Changing the perspective on expenses

Where I live the media is in an uproar over expenses. Apparently:

Politicians are spending too much.

Bank CEOs are getting paid too much.

The worth of civil servants is being judged on how much they cost.

This of course sells newspapers and makes for good barbecue talk.

The astute leader will hit this head on and turn the conversation to impact and progress. The issue should be impact, not expenses.

Perhaps if your charity spent 5% more on overhead you would be 100% more impactful.

Perhaps if you invested $5,000 per employee on leadership development, turnover would be cut in half.

Perhaps if you paid your pastor twice as much, 10x as many people would gather to worship.

If you want to sell newspapers talk about expenses. If you’re looking to change lives, focus on responsibly spending whatever it takes to get the impact we’re all expecting from you.

 

 

 

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6 thoughts on “Changing the perspective on expenses

  1. Hey Russ,

    I think there’s more at play here than just the impact vs expense.

    The issue with Duffy is not that he’s spending too much, but rather that he lied in order to obtain money he’s not entitled to, which brought about a bribe from the PMO to end a senate investigation.

    Also, the issue that many have with CEOs is not so much that there’s anything wrong with making money per se, but that large differences in wealth are in themselves, arguably unjust. The fact that it was bank CEOs on the list is especially jarring, in a world still recovering from a financial meltdown caused largely by financial mismanagement.

    While I’m sympathetic to your point about assessing incentives and their impacts, it’s difficult to say, a priori, what sorts of incentives would bring about greater productivity. I can imagine that in a number of cases, the answer is not to “spend whatever it takes to get the [expected] impact,” but rather to spend the right amount of money on the right things.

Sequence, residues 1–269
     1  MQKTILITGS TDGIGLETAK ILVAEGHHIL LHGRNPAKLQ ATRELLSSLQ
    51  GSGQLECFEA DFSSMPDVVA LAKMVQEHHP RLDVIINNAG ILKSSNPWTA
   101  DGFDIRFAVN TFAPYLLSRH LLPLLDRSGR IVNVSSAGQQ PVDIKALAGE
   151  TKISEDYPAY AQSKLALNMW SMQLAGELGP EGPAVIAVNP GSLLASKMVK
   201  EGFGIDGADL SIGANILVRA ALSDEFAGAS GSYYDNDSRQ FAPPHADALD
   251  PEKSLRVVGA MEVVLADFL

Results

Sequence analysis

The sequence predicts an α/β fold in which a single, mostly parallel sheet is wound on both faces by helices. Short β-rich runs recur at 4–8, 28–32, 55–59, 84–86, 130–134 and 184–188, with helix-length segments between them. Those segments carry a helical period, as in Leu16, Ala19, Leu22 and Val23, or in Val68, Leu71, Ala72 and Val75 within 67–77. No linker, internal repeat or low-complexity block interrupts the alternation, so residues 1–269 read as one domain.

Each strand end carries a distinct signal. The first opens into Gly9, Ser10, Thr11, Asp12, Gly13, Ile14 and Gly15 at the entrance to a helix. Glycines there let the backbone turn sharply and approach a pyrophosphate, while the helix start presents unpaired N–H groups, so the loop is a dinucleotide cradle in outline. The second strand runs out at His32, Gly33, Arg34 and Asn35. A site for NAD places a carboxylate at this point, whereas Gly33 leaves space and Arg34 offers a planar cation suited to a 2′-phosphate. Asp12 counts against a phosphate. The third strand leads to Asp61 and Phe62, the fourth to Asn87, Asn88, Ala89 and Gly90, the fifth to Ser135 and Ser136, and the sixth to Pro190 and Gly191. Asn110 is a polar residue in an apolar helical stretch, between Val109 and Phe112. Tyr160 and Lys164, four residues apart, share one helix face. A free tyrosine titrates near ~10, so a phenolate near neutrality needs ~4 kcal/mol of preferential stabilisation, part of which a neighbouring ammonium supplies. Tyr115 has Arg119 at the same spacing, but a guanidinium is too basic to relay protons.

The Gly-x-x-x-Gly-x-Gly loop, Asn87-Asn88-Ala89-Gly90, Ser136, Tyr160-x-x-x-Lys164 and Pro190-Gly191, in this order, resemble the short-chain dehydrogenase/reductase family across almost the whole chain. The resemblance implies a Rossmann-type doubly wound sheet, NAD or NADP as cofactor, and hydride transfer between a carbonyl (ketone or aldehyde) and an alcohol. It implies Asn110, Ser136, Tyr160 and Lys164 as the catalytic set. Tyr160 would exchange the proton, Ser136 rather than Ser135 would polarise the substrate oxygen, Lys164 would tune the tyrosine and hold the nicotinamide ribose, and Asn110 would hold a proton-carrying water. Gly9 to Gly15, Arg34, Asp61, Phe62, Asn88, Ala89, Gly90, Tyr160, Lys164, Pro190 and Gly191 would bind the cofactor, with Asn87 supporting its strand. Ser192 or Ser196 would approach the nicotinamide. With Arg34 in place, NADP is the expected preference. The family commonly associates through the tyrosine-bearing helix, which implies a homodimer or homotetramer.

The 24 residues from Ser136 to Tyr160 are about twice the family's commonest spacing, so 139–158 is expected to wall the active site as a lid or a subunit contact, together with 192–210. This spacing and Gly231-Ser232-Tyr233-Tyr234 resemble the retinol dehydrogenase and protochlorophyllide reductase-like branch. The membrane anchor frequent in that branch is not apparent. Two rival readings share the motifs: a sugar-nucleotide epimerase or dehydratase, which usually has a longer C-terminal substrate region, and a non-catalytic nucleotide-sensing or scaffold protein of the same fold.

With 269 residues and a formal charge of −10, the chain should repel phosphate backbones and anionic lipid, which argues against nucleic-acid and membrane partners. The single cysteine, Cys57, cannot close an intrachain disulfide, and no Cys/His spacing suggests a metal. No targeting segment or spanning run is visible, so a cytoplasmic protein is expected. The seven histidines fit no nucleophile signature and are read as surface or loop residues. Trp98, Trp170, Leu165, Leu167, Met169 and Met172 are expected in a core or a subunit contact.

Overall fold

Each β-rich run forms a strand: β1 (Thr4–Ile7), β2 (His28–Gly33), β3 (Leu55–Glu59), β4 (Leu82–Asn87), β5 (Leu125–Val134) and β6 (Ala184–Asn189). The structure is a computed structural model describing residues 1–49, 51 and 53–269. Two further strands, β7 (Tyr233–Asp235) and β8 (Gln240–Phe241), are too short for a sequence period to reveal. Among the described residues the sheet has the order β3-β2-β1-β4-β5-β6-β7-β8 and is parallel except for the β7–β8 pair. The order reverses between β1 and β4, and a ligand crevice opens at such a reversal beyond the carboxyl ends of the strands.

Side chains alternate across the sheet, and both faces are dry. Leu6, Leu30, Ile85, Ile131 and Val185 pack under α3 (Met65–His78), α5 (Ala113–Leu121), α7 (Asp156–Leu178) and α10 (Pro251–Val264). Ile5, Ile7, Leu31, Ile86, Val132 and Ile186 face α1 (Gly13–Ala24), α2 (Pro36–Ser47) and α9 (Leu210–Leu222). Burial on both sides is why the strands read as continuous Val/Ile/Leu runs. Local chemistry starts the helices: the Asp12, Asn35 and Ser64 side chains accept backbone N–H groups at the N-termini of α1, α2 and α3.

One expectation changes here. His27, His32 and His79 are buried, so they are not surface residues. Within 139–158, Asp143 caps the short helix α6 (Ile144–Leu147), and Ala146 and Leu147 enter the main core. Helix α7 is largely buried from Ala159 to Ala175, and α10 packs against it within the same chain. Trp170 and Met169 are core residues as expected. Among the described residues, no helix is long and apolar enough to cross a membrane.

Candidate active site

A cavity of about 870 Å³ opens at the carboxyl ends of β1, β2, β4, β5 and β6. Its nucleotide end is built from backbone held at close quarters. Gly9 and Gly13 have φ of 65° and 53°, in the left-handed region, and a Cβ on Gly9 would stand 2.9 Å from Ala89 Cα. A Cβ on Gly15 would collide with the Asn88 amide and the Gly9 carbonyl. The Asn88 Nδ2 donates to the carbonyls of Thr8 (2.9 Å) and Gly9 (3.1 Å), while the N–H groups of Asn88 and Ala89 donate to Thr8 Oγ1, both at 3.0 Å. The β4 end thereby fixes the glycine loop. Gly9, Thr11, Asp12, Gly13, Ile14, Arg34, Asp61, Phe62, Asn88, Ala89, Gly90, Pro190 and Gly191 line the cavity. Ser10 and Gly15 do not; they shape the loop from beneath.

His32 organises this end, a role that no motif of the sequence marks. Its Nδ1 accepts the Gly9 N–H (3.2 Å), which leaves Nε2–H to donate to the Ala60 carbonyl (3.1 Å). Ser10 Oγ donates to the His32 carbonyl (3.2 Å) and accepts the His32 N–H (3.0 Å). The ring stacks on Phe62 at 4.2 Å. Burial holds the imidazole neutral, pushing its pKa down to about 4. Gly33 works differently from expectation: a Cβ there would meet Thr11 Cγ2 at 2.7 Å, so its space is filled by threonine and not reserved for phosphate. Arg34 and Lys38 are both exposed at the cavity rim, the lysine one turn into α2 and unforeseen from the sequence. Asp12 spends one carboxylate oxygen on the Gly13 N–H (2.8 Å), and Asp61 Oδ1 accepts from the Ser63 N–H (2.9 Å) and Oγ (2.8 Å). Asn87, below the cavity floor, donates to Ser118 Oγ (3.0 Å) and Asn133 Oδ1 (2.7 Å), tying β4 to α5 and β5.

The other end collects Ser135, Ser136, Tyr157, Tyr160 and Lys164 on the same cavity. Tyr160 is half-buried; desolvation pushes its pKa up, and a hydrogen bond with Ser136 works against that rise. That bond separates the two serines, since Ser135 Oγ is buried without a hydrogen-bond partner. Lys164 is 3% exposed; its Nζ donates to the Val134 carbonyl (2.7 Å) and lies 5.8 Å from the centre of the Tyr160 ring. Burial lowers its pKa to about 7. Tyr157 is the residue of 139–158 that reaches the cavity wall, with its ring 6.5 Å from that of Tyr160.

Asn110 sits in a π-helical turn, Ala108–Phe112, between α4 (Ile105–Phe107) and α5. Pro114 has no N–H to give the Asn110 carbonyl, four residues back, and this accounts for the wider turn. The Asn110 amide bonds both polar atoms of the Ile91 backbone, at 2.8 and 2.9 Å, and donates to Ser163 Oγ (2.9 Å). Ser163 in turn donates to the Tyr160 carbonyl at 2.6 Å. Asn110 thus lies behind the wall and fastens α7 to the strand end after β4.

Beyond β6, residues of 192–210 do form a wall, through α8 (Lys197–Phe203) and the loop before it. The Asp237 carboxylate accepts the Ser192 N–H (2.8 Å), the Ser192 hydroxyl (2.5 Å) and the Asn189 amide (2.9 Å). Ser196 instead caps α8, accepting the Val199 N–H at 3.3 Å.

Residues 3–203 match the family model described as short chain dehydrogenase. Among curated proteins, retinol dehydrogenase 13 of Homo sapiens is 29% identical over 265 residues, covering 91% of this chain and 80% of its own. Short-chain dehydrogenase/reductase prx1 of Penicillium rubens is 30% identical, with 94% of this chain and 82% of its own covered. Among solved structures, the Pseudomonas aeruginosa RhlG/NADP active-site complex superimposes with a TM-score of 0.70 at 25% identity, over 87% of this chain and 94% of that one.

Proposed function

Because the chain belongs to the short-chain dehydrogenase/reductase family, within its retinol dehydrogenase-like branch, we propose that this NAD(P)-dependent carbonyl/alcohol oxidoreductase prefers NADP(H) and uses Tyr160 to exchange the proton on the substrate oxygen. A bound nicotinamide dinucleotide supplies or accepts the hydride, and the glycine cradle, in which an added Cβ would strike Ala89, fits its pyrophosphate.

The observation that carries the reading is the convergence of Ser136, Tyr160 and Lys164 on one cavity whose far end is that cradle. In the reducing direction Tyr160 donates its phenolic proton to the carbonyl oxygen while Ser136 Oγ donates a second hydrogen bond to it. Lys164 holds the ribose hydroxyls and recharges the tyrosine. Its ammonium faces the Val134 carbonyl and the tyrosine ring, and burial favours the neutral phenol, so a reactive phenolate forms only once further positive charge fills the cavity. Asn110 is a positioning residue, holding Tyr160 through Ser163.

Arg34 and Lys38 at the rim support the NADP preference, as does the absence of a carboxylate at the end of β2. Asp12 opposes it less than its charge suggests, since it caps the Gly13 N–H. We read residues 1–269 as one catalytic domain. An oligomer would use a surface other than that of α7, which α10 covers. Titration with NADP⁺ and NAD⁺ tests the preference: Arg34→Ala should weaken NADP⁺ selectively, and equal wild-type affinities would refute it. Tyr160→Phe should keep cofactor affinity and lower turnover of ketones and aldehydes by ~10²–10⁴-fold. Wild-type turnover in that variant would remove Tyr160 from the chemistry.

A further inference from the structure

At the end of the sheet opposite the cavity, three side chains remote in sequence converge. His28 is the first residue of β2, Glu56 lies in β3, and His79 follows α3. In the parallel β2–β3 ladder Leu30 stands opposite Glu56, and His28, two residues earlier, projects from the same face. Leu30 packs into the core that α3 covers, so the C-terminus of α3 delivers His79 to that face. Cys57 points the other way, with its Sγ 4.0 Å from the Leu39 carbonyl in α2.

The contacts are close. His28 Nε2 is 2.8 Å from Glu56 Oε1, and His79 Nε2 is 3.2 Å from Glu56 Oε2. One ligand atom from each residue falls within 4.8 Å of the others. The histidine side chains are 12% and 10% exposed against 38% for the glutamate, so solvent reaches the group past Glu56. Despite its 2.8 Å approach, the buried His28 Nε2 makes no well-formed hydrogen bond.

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  2. Hi Murph,

    Good points. I suppose my frustration is that people, especially the media, often fixate on “the right amount of money” without considering the “right things” or benchmarking impact.

    About bank CEOs, why do you say it’s unjust to have large differences in wealth? What’s unjust about it? Do they not deserve it given the results they’ve produced?

    Leaders of banks take on significant risks, stress, employ thousands of people etc… It’s arguable that if they made even more money, they would provide even more jobs and inject more money into the economy, which would be beneficial to the majority of the population. I think people often forget that our system is based on risk/reward and there’s a reward (pay) for creating jobs and wealth for others. My perspective is that we should be thankful for the rich people who create jobs and wealth for others that aren’t willing to take on as much risk and prefer the stability of just getting paid.

    It’s like the striking employees I once saw at a rental car company at the Vancouver Airport picketing their employer, saying how much the company sucked. They were actually driving business away from the company which employed them, making it less likely they would get a raise. I’m struggling to see the injustice you speak of or what that’s anchored from.

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  3. Hey Russ,